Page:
John Kerry leads charge for military action against Syria
Chairman of the Joint Chief of Staff General Martin Dempsey, left, Secretary of State John Kerry and Defense Secretary Chuck Hagel testify at the Senate Foreign Relations Committee hearing on September 3, 2013 in Washington, D.C.
WASHINGTON -- Secretary of State John Kerry, Defense Secretary Chuck Hagel and Chairman of the Joint Chiefs of Staff Martin Dempsey on Tuesday pressed for U.S. military action against Syria before the first congressional panel to delve into the issue.
Kerry, Hagel and Dempsey testified for three and a half hours before the Senate Foreign Relations Committee, which convened a special hearing a week before Congress is scheduled to formally return from its August recess.
Kerry made the same case he has made publicly for days: that the U.S. has a duty to punish the use of chemical weapons, as the Syrian regime is believed to have done most recently on Aug. 21 in a suburb of Damascus. President Barack Obama has cited reports that an estimated 1,400 civilians were killed, and on Saturday, he vowed to pursue congressional authorization for a U.S. missile strike against Syria.
Obama got a huge public relations boost for the idea Monday from GOP Sens. John McCain of Arizona and Lindsey Graham of South Carolina; and on Tuesday, House Speaker John Boehner, R-Ohio, and House Majority Leader Eric Cantor, R-Va., surprised many in Washington by announcing their support.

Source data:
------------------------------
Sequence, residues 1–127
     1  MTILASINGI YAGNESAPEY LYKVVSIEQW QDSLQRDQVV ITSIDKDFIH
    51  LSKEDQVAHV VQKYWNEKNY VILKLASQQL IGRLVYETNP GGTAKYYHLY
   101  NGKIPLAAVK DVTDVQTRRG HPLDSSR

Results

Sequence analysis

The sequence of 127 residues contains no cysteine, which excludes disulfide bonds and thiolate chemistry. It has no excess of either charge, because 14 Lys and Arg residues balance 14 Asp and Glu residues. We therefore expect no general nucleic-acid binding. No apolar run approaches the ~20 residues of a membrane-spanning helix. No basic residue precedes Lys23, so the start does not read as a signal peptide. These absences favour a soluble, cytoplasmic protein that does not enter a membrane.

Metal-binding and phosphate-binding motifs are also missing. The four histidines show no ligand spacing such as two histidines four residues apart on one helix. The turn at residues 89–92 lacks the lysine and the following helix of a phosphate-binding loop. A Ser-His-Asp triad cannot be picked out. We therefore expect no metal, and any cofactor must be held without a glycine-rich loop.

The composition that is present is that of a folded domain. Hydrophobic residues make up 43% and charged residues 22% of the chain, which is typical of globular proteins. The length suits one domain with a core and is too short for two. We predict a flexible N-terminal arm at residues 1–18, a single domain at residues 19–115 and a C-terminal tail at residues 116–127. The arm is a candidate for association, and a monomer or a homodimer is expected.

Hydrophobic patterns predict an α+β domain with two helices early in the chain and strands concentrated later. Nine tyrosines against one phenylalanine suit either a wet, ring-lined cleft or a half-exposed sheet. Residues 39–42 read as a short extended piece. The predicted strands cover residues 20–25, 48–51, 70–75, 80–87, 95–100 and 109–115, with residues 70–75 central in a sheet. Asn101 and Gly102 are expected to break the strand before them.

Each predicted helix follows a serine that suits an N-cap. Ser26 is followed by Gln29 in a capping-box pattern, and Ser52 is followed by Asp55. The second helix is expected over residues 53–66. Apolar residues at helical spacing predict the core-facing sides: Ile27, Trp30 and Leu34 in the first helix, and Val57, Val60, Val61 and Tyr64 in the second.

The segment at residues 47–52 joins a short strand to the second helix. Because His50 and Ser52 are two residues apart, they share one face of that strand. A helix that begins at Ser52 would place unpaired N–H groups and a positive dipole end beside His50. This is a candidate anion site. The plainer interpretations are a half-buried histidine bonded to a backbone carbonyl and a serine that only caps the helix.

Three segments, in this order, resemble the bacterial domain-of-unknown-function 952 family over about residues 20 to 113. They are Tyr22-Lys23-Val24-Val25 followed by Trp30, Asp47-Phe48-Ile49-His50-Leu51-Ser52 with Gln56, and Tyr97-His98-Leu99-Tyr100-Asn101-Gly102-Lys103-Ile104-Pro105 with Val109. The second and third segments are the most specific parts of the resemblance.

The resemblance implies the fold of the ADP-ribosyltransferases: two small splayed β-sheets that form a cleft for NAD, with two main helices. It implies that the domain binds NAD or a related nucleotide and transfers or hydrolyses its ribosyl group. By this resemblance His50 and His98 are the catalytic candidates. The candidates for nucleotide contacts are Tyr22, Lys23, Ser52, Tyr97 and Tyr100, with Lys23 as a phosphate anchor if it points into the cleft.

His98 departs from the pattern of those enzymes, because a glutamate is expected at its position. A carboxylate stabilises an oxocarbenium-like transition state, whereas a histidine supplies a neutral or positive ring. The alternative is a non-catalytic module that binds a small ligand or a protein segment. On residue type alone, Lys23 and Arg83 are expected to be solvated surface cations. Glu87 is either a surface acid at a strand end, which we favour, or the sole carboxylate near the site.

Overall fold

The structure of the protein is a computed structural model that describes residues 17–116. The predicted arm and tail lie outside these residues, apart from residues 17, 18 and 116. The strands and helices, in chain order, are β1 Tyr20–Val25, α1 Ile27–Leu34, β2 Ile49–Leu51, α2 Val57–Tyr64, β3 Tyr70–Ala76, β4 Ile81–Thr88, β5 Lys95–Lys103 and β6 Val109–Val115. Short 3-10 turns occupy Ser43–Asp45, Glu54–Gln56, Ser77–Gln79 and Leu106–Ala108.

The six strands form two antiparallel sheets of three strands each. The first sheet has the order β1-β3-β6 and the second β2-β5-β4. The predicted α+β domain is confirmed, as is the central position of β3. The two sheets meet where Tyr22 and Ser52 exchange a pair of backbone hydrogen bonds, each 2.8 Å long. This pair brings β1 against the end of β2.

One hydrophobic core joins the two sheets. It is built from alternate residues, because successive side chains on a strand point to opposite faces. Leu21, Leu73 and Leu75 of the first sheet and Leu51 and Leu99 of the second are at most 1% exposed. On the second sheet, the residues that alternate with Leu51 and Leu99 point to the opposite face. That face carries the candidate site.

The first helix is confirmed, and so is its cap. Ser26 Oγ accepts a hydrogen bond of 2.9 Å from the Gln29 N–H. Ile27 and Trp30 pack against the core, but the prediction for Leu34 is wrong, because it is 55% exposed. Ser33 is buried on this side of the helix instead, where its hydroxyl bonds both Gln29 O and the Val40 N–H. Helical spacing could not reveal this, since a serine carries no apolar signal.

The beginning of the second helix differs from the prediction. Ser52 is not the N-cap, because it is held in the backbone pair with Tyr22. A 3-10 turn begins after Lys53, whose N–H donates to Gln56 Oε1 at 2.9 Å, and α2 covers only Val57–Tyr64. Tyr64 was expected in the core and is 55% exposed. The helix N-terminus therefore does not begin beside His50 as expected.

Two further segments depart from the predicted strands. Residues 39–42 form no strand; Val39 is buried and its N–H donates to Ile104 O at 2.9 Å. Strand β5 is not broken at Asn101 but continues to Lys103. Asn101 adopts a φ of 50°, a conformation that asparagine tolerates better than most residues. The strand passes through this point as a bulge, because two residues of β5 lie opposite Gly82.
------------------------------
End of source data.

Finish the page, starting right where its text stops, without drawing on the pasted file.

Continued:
Kerry dominated the hearing, fielding almost all of the committee’s questions. He took pains to distinguish Syria from Iraq, acknowledging that "faulty intelligence" prompted the U.S. to launch that war. Instead, Kerry argued that curbing weapons of mass destruction is in the country’s national interest, vowing that there will be no ground troops and no involvement in the ongoing Syrian civil war. But his most prominent argument was that not acting against Syrian President Bashar Assad would jeopardize national security by sending a signal of permissiveness of weapons of mass destruction.
“If you’re Assad, and the U.S. steps back from this moment, what is the message?” Kerry said. “Iran is hoping you’ll look the other way. Our inaction will surely give them a permission slip. Hezbollah is hoping that isolationism will prevail. North Korea is hoping that ambivalence will carry the day… If we don’t respond, we’re going to be back here, asking you to respond in some greater way.”
Kerry went on to say that the purpose of a U.S. strike would be to “degrade and deter” Assad’s ability to use chemical weapons in the future, and he ruled out the possibility of such an action leading to war.
Hagel acknowledged the country’s ambivalence toward military action in the wake of the wars in Iraq and Afghanistan, but like Kerry, he said Assad’s regime could feel empowered to carry out bigger-scale attacks.
“There are always risks in taking action, but there are also risks with inaction,” Hagel said. “Every witness here today – Secretary Kerry, Gen. Dempsey and myself – has served in uniform, fought in war and seen its ugly realities up close. We understand that a country faces few decisions as grave as using military force. We are not unaware of the costs and ravages of war. But we also understand that America must protect its people and its national interests.”